Consider the cleverness of the Cooper’s hawk
who glides disguised the upslope of the roof,
crests the ridge, and dives on pigeons
perched at the feeder hanging from the eave next door:
the crash and sway, the spilling of seeds,
the prey pinned against the box,
the futile flap of wings
as talons sink in, and the predator
rises above the roofline, bundle compacted,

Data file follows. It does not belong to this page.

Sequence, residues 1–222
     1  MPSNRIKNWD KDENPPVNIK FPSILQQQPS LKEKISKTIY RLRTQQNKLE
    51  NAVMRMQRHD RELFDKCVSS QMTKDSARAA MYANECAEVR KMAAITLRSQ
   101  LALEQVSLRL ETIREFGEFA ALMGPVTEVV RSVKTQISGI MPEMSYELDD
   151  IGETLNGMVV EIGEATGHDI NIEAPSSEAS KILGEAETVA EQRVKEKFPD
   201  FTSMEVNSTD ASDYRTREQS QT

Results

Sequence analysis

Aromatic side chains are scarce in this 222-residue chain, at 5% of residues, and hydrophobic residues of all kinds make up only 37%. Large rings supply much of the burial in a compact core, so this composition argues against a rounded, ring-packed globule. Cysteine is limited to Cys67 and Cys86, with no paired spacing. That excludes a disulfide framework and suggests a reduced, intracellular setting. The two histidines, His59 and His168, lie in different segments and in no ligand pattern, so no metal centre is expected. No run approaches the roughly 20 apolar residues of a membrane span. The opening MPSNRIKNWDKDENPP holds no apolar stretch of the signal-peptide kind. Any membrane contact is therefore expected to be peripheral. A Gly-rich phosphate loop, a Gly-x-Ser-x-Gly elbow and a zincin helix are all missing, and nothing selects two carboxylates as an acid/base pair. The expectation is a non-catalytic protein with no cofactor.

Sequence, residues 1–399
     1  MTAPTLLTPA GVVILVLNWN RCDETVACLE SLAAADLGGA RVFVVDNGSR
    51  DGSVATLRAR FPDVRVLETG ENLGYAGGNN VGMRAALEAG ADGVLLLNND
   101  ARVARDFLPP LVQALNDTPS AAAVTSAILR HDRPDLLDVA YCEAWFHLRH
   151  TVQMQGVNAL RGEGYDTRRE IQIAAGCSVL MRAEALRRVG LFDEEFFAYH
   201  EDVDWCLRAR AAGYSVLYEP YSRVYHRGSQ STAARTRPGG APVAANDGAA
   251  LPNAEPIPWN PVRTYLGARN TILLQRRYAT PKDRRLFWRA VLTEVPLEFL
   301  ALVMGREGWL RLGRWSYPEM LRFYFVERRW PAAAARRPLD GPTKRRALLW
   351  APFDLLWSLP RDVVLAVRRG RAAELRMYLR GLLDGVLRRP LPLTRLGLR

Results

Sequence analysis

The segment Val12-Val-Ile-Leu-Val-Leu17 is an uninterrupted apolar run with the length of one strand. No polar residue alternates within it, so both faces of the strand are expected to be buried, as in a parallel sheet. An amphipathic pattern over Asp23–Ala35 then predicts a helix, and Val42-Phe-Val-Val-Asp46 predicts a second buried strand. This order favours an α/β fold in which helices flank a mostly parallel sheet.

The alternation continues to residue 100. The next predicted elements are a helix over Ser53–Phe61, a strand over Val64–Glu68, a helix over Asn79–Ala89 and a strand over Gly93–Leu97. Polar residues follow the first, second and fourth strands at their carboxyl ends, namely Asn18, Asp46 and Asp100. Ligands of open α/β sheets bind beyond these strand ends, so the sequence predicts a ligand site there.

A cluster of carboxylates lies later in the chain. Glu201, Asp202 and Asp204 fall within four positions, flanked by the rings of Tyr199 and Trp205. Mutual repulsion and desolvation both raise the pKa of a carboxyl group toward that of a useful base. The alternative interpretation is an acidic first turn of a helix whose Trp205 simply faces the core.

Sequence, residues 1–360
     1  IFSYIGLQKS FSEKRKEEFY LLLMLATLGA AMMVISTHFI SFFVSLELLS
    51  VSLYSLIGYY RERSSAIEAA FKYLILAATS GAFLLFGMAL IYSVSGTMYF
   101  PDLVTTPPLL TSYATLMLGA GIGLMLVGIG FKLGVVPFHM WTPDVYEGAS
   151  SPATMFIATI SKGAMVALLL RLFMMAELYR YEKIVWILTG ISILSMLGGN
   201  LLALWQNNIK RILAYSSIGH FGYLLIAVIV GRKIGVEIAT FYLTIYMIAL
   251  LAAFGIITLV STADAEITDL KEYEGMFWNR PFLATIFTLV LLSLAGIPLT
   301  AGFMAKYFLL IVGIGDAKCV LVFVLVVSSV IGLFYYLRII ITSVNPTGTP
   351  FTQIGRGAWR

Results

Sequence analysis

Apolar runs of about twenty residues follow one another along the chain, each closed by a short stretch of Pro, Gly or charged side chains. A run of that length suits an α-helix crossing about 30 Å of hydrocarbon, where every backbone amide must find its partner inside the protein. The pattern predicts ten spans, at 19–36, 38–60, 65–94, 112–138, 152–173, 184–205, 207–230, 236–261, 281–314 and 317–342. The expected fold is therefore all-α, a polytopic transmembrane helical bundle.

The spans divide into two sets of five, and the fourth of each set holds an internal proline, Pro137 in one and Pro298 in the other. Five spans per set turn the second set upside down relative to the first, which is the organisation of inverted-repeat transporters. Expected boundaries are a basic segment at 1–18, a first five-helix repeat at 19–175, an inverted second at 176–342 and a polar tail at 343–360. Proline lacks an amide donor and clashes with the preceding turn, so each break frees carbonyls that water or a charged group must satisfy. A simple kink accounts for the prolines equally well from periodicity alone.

elevating toward hungry chicks hidden away
in a nest new-found since the city sawed down
the elm that canopied the park, a disease in its heart.
Pestilence and predation invert the arc;
the cycle turns on the wings of a hawk.